Skip to comments.Florida Leads the U.S. in Concealed Firearm Permits, Texas Somehow Far Behind
Posted on 12/14/2012 6:44:03 AM PST by marktwain
Florida is slated to become the first state with one million concealed firearm permits, Bloomberg reported yesterday. State officials issued 993,200 active permits as of Nov. 30, and are expected to pass the one million mark next week.
Floridians have a great respect and appreciation for their Second Amendment rights, said Adam Putnam, Floridas commissioner of agriculture and consumer affairs.
This got me thinking about the Texas number. So I called the state department of public safety, and they sent me to their website (technology!). The numbers arent exactly apples-to-apples (the newest Texas numbers are for last year), but they still paint a picture where, despite all the Second Amendment bluster statewide, Texas actually trails Florida by a significant amount.
2011: 518,625 (total permits, statewide)
That 2003 to 2004 jump (only 77 new permits) seems suspect, but the others seem to jibe with the Florida growth trend of a near doubling of permits over four full years. Texas is actually fourth nationwide, behind Florida, Pennsylvania, and Georgia, according to the GAO.
I then checked this years applicants, by zip code, to see where they were from. The top 10:
77379 (Spring): 761 approved applicants
77573 (League City): 706
77429 (Cypress): 688
77584 (Pearland): 613
77346 (Humble): 551
75052 (Grand Prairie): 549
77546 (Friendswood): 532
77494 (Katy): 526
76028 (Burleson): 522
77095 (Houston): 520
Moral of the story? Stay out of the Houston suburbs.
How many of those 1 million Florida permits were issued to non residents?
Because we don’t need no stinking permits...
My understanding is that to get a Texas permit you have to be a resident of the state. Florida issues permits to residents of other states.
With all the restrictions on where you can carry a concealed waepon in TX you are not getting much from a CCL beyond what we already have with private property, the castle law extending to your car (don’t count on that one though), hunting, and normal use, like out on your ranch for snakes and such. Plus you are telling the gov’ment you have a gun.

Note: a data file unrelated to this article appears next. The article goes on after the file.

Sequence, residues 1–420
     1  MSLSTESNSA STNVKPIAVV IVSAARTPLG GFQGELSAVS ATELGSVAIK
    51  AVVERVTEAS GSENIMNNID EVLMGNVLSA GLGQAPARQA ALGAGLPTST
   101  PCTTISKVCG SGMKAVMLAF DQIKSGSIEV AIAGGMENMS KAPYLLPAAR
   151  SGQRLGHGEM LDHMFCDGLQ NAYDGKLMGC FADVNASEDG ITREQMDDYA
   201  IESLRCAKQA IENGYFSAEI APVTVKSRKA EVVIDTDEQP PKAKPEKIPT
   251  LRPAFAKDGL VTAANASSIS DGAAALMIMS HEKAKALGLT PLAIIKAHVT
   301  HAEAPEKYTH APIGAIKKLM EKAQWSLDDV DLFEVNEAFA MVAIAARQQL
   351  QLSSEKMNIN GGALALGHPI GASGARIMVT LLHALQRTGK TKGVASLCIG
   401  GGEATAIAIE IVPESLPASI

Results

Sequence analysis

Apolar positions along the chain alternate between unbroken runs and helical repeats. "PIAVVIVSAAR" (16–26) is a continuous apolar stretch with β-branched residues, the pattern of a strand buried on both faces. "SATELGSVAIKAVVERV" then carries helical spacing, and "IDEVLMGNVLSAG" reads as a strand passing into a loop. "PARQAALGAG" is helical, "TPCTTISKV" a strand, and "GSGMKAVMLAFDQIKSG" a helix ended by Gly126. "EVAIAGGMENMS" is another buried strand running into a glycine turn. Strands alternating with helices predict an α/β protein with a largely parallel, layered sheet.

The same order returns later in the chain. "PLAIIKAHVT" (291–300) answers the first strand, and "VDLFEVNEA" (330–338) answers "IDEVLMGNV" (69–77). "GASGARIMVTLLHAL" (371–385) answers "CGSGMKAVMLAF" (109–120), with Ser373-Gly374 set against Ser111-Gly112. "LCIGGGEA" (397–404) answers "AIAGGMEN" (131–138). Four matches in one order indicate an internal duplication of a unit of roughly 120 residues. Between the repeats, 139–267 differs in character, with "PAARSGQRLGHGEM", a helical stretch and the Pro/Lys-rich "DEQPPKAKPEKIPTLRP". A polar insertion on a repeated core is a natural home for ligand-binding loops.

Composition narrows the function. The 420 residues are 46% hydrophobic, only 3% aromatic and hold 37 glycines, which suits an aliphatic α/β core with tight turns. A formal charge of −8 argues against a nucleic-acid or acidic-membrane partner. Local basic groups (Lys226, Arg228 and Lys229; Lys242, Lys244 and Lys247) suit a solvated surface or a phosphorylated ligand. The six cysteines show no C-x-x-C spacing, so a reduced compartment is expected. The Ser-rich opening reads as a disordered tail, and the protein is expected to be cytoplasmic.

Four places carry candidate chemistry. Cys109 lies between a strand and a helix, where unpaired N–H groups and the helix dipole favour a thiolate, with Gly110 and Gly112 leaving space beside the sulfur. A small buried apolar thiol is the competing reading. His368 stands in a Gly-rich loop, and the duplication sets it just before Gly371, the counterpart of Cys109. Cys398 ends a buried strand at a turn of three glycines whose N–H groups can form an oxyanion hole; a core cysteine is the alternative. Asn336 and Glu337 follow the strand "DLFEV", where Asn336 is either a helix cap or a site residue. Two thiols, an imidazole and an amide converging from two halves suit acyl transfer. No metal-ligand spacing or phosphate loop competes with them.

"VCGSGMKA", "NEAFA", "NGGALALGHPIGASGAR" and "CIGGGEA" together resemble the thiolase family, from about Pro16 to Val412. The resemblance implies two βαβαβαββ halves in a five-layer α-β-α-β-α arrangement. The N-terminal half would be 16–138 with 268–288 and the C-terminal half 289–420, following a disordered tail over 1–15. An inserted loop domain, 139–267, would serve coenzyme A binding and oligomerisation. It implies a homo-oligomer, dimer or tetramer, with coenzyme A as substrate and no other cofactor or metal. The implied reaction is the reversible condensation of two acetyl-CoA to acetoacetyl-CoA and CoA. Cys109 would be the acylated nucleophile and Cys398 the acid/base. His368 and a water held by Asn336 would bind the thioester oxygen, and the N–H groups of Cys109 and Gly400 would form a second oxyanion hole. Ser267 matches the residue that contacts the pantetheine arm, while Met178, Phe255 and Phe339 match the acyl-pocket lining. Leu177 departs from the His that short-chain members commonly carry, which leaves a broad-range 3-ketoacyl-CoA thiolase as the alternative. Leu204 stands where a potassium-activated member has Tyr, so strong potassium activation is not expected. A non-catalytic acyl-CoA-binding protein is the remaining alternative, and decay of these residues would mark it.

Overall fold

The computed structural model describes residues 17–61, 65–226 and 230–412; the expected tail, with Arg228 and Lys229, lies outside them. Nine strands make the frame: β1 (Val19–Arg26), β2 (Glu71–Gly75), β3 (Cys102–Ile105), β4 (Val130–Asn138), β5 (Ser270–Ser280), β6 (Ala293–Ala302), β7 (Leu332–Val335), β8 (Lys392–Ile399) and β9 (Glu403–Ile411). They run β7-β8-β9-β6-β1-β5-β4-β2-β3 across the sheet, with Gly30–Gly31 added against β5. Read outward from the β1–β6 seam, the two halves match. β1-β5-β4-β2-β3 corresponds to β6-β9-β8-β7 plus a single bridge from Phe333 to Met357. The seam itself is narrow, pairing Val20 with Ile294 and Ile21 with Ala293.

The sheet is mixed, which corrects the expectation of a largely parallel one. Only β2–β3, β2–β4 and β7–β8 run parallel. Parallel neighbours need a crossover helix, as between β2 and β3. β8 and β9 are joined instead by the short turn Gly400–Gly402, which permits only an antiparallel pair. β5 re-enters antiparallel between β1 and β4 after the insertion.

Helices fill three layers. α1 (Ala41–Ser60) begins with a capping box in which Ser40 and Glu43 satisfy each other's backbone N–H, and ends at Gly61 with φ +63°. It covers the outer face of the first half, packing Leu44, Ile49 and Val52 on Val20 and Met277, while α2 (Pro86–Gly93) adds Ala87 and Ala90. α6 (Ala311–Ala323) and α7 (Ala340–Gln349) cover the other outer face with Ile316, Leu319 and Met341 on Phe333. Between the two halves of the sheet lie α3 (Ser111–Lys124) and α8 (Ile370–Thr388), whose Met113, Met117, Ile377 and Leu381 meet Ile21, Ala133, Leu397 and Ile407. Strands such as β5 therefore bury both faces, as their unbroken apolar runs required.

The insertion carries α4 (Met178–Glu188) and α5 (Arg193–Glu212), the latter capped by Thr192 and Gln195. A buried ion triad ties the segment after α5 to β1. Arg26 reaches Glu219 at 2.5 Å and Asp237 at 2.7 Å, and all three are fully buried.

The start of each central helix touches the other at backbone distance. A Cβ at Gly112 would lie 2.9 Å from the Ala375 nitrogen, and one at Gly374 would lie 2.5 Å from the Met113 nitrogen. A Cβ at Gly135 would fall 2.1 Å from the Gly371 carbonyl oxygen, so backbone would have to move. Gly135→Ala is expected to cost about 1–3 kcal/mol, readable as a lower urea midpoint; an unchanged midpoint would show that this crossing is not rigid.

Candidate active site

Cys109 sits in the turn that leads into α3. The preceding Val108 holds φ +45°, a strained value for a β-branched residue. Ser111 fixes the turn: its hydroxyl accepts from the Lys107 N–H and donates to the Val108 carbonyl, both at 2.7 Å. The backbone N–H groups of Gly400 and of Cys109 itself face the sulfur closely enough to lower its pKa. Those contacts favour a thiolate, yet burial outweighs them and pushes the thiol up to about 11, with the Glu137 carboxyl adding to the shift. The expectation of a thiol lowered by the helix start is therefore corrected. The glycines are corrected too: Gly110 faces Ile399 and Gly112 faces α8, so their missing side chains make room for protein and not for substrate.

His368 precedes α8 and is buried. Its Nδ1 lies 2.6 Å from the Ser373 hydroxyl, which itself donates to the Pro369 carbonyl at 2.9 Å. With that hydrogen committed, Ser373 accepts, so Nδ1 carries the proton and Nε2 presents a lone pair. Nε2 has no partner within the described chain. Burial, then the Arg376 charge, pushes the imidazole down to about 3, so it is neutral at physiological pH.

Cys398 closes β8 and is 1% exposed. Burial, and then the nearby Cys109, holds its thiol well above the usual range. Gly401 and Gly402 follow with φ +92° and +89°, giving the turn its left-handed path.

The CHL training in Texas is down to 69.00 for the classes so there are going to be a lot more in the future.
Exactly, even with CHL you cannot carry in some places. I carry every where and I don’t go where I can’t.
I don’t want big brother having that info.
Duh. Everyone knows you either get a Utah or Florda non-resident CC permit in addition to your own state’s permit/license.
Utah is much cheaper than Florida now.
This might be hard for many here to understand, but I will try.
I am a 5th generation Texan.
Nearly every real Texan I know owns a small arsenal of long guns, but nearly no hand guns. It’s hard to explain, but for some reason handguns have a sigma here. I could walk into someones home and see .... a whole room full of rifles and not think twice about it.... but one pistol... and I get a little edgy... it’s wierd, I don’t know exactly why I think that way.
Being a fourth generation Texan I have no idea what you are talking about. Virtually all my friends and relatives have hand guns and most have multiple ones!!!
Walk into the gun shop pick out your favorite ARXX plop down the cash fill out the form and walk out with it. We have to see about doing away with the form someday. Grandma Mrs Clamper was cute yesterday wearing her Rugar LCP to the Albertsons grocery store.
Man, I must really like living by the coast to stay here.
It’s because there are FAR more CARPERBAGGING Massholes and New Yawkers in FL than in TX.
We are former Aptos / Santa Cruz residents. We fled Taxifornia 3 years ago. We love Arizona and would never move back. If we miss the ocean ... we catch a flight to Maui
I agree with that. My family has been in Texas since the mid 1800s and everyone I know has at least a couple of hand guns included in their "gun collection".
FL had a rash of car jackings about the same time the CCW law was passed.
I can vouch for that, it may be different today but pistols just weren't common for most of us, rifles of all sorts, including military surplus, shotguns, deer rifles, but often no pistols at all, or only one for the father of the house which was often from the war, or a hand me down, rarely did someone just go out and shop for pistols.